EL-ERIAN: Hopefully it will help. I think that there are messages going to Washington from all quarters that this is a serious issue and that no one can escape the implication of a further deterioration in the US fiscal situation. And it’s not just about the US, it’s also about the global economy. The US is at the core of the global economy. It provides the reserve currency. It provides the deepest and most liquid financial markets. And it provides a AAA of AAA. So the global system has an interest in the US getting its act together.
ROGERS: If this indeed then acts as catalyst for Washington to get its act together, could it in fact be bullish for treasuries?
EL-ERIAN: Over the long term, it could be bullish for treasuries and that’s something that we keep an eye on. Over the short term, there’s gonna be all sorts of countervailing forces on the treasury market because, don’t forget, there’s something else big there- the big elephant in the room. The main buyers of treasury, the Federal Reserve, will stop buying at the end of June and the Federal Reserve has been taking over 70% of new treasury issuance. So your main buyer is stepping out so there are other issues that are also influencing the outlook for the treasury market.
ROGERS: To take the other side of this, I mean if this is the nail on the coffin for the 30-year bull market in bonds perhaps, how do you position the Total Return Fund to benefit particularly against the five months of outflows that we’ve seen?
EL-ERIAN: So a few principles are really important. First, the fixed-income market is a global fixed-income market. And there are government bonds all over the world including from countries whose credit standing is improving rather than deteriorating. Second, the fixed-income market is much more than just government bonds. There are many other segments out there that provide value. And thirdly, the concept that Bill Gross came up with, which is concept of safe spread, be open-minded as to how you define safe spread. Don’t define it in the old fashion way which is US treasury; look at opportunities all over the world—what my colleague Tony Crescenzi calls a supermarket of global fixed-income—and that is how we’ve been positioning all our products is to recognize that this is a global world with global risks but also global opportunities.
ROGERS: Are we running the risk of making too big a deal out of this? After all it’s just one in three chance that a downgrade coming, we’re not talking about a default, we run the printing presses still. I mean is this something that we should just let run off our back here today?
EL-ERIAN: I wouldn’t let it run off our back even though we control the printing press. What we mean when we say we control the printing press is since we have issued our debt in Dollars and since we can print in Dollars the chance of a default are low. That is absolutely correct but there is no free lunch here. If we go off and start monetizing even more of our debt, it will weaken the Dollar, and importantly it will erode the standing of the US in the global system. Remember, the rest of the world holds a lot of US financial assets because we are the reserve currency. So we don’t want to abuse that privilege that we have because, if we abuse it for too long, we could end up losing it.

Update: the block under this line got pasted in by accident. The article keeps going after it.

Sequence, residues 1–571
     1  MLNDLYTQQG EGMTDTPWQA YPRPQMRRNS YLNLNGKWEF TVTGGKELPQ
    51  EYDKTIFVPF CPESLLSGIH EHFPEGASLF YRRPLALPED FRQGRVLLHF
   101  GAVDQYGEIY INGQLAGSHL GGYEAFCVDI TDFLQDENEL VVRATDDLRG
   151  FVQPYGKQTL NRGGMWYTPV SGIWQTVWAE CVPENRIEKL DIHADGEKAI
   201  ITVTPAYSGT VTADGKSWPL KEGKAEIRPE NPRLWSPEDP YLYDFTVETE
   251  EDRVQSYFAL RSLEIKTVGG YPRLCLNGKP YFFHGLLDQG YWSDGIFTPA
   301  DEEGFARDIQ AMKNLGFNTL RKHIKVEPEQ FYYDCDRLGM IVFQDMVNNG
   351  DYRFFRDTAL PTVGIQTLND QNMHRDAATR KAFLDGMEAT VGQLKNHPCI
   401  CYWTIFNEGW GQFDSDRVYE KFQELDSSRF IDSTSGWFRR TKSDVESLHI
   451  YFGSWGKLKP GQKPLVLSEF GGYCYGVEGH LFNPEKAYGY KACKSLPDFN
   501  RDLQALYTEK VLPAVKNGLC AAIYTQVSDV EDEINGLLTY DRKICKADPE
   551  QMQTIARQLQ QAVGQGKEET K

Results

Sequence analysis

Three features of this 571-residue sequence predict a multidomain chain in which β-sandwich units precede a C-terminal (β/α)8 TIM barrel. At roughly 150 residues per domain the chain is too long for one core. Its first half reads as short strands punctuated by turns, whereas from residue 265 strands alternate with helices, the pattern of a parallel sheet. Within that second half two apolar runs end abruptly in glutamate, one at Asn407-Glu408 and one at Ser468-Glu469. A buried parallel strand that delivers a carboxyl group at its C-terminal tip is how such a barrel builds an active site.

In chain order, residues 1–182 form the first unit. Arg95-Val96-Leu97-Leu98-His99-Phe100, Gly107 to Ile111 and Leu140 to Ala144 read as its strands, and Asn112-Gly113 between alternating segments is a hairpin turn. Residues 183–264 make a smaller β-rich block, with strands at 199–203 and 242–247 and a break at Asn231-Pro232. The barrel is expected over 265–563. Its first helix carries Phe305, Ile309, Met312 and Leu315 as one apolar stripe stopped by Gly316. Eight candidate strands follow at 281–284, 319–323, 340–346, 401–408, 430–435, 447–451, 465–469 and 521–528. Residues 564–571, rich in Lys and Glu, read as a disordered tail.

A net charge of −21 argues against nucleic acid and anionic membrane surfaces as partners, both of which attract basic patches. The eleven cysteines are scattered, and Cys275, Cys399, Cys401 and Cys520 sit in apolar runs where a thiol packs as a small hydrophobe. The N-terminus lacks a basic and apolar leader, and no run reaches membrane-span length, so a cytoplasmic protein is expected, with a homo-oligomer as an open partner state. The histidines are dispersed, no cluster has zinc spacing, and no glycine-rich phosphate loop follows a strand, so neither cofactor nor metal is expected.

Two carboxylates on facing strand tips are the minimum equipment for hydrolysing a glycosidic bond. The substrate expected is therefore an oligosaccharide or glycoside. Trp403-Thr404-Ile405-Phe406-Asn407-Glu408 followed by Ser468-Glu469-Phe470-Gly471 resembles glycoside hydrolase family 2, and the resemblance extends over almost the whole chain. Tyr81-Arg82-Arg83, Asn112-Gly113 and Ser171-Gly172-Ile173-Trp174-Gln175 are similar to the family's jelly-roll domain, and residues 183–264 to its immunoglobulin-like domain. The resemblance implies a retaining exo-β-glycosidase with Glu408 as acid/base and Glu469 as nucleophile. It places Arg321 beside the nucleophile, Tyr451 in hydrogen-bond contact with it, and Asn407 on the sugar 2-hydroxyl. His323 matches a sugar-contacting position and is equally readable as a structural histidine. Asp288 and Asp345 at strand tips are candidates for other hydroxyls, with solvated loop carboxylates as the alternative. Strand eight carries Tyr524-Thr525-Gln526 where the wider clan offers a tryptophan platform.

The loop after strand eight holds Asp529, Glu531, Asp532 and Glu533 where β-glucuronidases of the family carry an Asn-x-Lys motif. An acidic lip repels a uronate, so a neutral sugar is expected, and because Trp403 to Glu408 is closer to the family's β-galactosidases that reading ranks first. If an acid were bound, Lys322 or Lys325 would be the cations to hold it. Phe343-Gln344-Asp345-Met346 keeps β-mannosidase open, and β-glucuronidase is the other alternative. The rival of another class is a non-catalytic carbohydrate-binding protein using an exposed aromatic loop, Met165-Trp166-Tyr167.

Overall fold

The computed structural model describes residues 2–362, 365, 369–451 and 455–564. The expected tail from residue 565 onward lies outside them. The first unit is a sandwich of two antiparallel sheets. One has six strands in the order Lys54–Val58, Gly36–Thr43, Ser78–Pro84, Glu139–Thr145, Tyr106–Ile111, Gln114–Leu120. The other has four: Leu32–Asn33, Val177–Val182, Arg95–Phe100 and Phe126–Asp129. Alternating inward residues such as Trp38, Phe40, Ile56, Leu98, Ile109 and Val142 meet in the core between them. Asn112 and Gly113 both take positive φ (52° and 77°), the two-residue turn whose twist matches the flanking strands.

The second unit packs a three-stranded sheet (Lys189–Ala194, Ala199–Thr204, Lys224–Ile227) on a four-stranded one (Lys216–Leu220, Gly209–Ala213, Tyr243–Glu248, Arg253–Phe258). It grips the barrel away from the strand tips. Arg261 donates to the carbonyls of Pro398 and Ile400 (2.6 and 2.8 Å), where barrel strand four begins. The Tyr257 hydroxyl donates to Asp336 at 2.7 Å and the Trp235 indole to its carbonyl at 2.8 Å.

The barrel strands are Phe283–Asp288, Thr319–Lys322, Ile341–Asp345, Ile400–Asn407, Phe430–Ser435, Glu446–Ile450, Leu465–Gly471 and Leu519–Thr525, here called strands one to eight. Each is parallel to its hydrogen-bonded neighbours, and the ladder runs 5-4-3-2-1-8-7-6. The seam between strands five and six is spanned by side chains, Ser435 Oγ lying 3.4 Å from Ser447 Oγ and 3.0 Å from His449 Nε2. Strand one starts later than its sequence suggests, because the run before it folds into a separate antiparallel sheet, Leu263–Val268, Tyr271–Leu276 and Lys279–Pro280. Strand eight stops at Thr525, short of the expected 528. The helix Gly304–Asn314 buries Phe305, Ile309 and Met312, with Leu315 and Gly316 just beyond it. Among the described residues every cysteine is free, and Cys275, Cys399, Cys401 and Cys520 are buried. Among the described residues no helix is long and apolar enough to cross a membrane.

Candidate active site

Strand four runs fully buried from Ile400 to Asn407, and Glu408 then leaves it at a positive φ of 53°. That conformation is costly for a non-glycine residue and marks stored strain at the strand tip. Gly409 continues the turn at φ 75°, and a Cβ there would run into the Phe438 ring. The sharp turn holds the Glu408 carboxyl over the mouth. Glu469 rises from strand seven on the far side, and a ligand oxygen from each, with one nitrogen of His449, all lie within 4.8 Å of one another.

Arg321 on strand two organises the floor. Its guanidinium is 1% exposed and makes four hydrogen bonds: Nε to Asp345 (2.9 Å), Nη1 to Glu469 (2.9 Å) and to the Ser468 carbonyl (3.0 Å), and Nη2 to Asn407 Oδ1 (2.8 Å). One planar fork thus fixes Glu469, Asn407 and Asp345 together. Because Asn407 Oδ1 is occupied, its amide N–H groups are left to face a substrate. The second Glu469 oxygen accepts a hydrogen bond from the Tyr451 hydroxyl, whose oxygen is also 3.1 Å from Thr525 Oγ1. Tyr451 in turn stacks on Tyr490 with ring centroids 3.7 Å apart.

ROGERS: I was just talking with somebody at S&P- David Beers, the Global Head of Sovereign Ratings at S&P. I mean they seem to be taking a little bit of heat on this. People saying they’re being too aggressive here, questioning their credibility. Do you have any thoughts on that?
EL-ERIAN: No, I think in general actually the rating agencies have tended to be too late. I mean look what’s happening in Europe; that’s a perfect example where the rating agencies woke up too late to the deterioration in sovereign credit standing. And now, they’ve been playing catch-up; overnight we caught yet another round of downgrades this time of Irish banks. So, my impression is that the rating agencies tend to be hesitant in the beginning and we’ve seen that especially in the sovereign world. And I think they are only catching up to the reality which is that we’ve seen a generalized deterioration in the standing of sovereign credit in most advanced economies.
ROGERS: So are US treasuries still something in your opinion that you don’t want to be in right now?
EL-ERIAN: Not at these level of yields. There are other attractive opportunities. I keep on telling people when you hold something in your portfolio, hold it because there’s value, not because it has a label on it, because ultimately you get paid for value. You don’t get paid for a label. And therefore, at this level of yields, we think there are better opportunities in this global market.
ROGERS: And finally before I let you go, you talked about the US sort of being on this precipice between AA and AAA on your internal ratings. And we talked about something that could push it to AA but what could make it go to AAA in a more secure way? Is there something that could happen in Washington that could convince you that it should be steadily in AAA?
EL-ERIAN: There’s absolutely something. The US is a very resilient and strong economy. The weakness right now is in the government sector. Why? Because the government’s balance sheet was used to offset the deleveraging that was occurring in the fourth quarter of 2008. So now, the multinationals have recovered and they’re doing very well, households are slowly recovering, we’ve got to focus on the US public balance sheet. If we were to see actions taken over the medium term- and I stress this over the medium term- if we were to see actions taken over the medium to strengthen that balance sheet, then the US would be a strong AAA.
ROGERS: All right, Mohamed El-Erian from PIMCO, thank you so much for joining us from Newport Beach, California. Appreciate your time. I’m Jen Rogers. This is Reuters Insider.